Timely and clear communication is a cornerstone of any high functioning team. It is even more so in the context of an operating room environment. In order to safely and efficiently care for patients in the OR, providers and vendors wearing different hats need to stay in-sync and on the same page continuously. There is an abundance of information everywhere: From the charting of the patient to real-time devices reporting vitals. It is imperative that you can highlight signal from noise and don't overwhelm your team.
The Leap Rail Board product is designed with this challenge in mind. Our modern visualization keeps the focus on in-flight cases and using a milestone-adjusted color coding scheme, allows different team members to have an accurate picture of the current case load at a glance. Furthermore, the news ticker on the board summarizes important and actionable updates and recommendations such that board runners and charge nurses can stay focused on signal.
Working closely with our customers, we have been able to customize the board product to fit their workflow and processes while highlighting important information for different stages of a case: from pre-op all the way to PACU and even discharge. Through this collaboration, we had noticed that sometimes important but transitional attributes of a case were being buried in notes or comments sections for different cases. These could be things like patient's allergy to latex, or fire risk assessment (FRAT) information.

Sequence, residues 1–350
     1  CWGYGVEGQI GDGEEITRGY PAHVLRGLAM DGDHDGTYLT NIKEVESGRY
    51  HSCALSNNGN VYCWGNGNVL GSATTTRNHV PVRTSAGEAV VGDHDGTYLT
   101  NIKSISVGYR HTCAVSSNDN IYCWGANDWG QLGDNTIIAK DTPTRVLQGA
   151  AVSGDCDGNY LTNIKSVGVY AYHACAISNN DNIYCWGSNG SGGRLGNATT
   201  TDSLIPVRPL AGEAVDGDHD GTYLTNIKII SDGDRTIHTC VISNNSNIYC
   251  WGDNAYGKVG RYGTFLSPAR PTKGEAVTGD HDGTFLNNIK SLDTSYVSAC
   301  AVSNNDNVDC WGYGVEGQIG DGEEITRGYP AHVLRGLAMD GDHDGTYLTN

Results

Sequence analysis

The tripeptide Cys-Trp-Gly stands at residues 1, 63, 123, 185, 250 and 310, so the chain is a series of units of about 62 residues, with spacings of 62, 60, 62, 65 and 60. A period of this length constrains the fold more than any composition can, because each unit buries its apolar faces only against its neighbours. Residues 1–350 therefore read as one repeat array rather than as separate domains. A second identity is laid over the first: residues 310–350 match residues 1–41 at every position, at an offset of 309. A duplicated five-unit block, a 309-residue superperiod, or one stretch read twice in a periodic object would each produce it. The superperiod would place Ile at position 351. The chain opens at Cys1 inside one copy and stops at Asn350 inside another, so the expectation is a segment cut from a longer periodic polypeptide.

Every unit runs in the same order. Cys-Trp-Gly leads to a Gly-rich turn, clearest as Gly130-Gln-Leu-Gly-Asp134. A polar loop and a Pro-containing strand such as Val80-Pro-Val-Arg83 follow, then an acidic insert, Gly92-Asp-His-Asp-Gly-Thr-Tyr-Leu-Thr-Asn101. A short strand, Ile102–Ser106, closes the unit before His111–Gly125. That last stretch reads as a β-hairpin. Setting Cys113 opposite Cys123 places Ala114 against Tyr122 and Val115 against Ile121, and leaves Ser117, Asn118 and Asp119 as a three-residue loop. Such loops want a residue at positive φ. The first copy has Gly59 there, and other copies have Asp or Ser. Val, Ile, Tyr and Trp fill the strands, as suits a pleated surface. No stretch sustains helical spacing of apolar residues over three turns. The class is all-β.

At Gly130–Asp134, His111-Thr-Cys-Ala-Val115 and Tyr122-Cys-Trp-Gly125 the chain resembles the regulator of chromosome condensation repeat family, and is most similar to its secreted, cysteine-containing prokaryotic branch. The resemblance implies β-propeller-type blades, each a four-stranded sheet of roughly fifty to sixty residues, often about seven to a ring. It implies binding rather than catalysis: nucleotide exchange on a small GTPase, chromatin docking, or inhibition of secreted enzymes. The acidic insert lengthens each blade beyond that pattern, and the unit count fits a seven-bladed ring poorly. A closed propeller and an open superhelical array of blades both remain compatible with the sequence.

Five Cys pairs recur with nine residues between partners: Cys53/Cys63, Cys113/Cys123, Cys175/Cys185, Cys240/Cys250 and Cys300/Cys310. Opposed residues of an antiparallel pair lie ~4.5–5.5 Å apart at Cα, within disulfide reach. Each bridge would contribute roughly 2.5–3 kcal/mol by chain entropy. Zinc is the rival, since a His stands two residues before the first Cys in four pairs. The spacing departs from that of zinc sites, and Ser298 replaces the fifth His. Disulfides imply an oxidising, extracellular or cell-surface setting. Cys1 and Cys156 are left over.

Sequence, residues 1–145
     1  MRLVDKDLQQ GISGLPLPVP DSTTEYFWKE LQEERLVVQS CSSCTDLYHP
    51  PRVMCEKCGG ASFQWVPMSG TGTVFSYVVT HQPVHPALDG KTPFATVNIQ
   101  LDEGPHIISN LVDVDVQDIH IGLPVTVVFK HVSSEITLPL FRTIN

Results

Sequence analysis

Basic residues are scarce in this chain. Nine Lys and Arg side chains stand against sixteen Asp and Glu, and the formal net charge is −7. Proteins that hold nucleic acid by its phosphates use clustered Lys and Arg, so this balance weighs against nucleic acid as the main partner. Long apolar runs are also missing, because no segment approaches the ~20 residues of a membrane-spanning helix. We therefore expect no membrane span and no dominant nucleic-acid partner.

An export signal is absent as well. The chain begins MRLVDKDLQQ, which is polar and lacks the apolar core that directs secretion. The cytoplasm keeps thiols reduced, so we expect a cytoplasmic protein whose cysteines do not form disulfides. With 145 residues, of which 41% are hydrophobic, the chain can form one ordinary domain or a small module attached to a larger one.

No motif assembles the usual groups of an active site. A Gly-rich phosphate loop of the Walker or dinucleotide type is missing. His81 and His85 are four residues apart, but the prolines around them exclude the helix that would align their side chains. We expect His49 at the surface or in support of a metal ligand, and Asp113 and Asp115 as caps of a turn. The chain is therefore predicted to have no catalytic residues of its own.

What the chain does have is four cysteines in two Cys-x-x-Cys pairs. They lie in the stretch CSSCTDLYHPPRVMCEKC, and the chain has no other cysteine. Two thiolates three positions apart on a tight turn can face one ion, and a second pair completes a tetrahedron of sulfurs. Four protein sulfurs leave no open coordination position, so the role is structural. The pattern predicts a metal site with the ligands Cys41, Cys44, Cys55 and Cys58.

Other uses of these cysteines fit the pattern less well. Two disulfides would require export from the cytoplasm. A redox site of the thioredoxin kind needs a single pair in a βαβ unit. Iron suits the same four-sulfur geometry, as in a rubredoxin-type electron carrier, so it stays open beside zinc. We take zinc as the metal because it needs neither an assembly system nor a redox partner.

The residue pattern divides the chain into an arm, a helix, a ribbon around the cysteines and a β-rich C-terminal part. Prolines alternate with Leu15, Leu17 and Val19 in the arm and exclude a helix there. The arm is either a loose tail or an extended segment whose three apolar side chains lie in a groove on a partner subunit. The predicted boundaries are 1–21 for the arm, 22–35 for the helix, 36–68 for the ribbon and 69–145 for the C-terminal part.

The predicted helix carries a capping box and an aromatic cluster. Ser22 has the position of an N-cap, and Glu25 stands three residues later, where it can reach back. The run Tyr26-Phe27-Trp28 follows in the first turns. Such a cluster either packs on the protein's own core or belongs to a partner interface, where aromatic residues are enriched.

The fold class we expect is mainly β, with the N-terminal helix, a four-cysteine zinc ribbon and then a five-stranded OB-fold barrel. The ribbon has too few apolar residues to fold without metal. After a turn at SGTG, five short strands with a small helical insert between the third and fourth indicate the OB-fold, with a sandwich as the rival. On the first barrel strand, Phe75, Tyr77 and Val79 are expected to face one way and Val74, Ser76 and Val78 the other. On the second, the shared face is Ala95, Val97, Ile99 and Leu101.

We were also asked to provide ways for different teams to signal one-another in an asynchronous broadcast model. A great example of this ask was the pre-op team letting the OR know when they patient is ready for transfer or if a case can't proceed and it needs attention from the supervisor. Obviously this type of communication can be achieved through a phone call or other means but it's cumbersome, one-to-one, and not visible to the broader group.
In order to address the needs of our customers along these requests, we recently introduced the Case Labels. Case labels are light but informative tags you can associate with a case. They are defined by providing a name, initial icon, and a color. For example, you might have a yellow L for signifying the patient being allergic to latex.
Once defined, team members can attach these labels to cases quickly and easily. The association is presented on the board elegantly using the initial icon and color. In practice we have seen team members get used to these icons very quickly and leverage them effectively as high throughput non-intrusive mediums of communication.
Detailed information around when and who added the label is documented under the history of the case as well. So if necessary, anybody can find out who they need to reach out to for more information.
The customer response to this addition has been overwhelmingly positive. We are excited to continue and work with them to further improve this feature and others in order to help them with access to the right information in a timely manner.